Concussions are some of the most common reasons cyclists seek emergency care after a bicycle accident. Even in the world of professional cycling, athletes are at risk for the common brain injury.
Concussions in professional cycling were taken more seriously after Chris Horner crashed his bicycle during the 2011 Tour de France. After displaying signs of disorientation and confusion, the professional cyclist attempted to climb back onto his bicycle and finish the race.
Unfortunately, Horner continued to suffer from dizziness and confusion for months after.
How Do Professional Cyclists Handle Traumatic Brain Injuries?
In the past three years, managing concussions in the sport of cycling has undergone changes. Cyclists can learn a lot from the UnitedHealthcare (UHC) Pro Cycling team. UHC has recently developed a new cognitive analysis capable of accurately and quickly detecting concussions, so athletes can get prompt medical attention.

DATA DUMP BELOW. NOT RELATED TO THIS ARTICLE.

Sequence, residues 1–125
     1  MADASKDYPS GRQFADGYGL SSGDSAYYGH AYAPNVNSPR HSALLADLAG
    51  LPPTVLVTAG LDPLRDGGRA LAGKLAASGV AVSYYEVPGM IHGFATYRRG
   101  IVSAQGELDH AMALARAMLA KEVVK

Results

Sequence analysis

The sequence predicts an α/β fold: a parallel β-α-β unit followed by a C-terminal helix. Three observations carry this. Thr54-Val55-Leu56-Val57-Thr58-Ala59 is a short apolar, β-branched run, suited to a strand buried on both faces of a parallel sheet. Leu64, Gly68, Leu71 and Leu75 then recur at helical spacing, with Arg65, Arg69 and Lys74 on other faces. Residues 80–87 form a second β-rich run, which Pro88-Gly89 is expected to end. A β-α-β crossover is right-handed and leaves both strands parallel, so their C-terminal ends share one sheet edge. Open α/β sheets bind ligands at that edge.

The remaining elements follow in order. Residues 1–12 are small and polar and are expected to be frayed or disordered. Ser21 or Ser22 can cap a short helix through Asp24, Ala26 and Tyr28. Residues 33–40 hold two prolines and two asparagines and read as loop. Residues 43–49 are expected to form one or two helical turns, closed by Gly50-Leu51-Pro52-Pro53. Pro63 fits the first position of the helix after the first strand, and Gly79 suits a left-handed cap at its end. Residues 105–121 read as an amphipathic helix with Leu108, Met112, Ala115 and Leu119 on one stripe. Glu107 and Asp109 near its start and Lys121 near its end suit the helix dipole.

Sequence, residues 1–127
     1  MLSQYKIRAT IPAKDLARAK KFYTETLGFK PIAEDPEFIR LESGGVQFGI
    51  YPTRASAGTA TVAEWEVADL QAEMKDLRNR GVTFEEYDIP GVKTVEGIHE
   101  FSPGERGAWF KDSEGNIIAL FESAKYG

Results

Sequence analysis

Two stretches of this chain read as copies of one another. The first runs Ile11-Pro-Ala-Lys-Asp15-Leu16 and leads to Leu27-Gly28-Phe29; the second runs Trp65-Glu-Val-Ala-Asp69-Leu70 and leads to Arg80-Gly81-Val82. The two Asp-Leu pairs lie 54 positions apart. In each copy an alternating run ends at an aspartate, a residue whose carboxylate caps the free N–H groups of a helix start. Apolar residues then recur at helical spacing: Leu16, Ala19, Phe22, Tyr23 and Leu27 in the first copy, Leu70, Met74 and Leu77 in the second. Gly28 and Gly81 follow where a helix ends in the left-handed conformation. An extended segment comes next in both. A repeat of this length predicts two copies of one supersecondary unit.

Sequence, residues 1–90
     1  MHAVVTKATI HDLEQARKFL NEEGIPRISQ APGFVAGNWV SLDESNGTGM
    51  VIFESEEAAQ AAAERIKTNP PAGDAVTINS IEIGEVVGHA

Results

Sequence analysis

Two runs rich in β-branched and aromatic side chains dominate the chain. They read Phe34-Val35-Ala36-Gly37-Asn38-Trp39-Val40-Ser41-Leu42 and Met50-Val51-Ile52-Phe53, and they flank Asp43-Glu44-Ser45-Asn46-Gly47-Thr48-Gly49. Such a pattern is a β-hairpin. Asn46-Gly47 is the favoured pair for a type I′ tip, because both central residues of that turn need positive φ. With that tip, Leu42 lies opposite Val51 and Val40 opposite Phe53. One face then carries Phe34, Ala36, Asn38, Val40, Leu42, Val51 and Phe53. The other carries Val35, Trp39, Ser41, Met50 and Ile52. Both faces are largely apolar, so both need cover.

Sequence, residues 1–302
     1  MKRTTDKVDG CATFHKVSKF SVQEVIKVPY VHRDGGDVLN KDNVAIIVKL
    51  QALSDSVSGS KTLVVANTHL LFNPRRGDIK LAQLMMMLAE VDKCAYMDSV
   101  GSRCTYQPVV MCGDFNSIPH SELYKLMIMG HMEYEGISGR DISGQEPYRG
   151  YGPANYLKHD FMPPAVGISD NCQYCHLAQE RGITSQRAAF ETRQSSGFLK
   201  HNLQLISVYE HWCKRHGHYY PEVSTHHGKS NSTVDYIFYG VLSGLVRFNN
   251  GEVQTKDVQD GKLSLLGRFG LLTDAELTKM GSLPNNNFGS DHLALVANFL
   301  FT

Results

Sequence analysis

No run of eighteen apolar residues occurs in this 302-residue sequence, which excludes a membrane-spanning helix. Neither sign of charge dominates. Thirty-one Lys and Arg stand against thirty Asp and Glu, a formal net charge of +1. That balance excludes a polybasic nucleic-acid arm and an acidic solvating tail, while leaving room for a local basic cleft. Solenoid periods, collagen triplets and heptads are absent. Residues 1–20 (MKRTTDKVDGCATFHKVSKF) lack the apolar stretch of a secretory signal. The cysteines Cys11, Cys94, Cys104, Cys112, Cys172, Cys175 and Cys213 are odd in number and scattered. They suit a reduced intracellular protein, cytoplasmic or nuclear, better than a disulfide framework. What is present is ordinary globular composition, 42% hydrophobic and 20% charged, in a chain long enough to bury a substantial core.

Before the beginning of a racing season, cyclists are asked to perform a series of baseline tests. These tests are used for comparison in the event a cyclist receives a concussion. For example, cyclists are asked to stand on both feet with eyes closed for 20 seconds, and every time a balance correction is made, a health professional makes note of it.
If a cyclist receives a concussion, he or she will be asked to perform the same tests so health care professionals can compare to the baseline results.
How Common are TBIs and Bicycle Accidents?
Sustaining a brain injury during a bicycle accident can happen to anyone, and it is important that cyclists learn the symptoms of concussions so we can help one another.
According to the American Association of Neurological Surgeons (AANS), 86,000 cyclists sought medical attention for brain injuries in 2009. Surprisingly, data from the AANS suggests that there are more brain injuries in cycling than football.
Dudek Law Firm, APC – Bicycle Accident Attorney Serving San Diego
Did You Know? The average speed of cyclists during the Tour de France is 25 to 28 mph on flat terrain, making accidents far more dangerous for professional cyclists.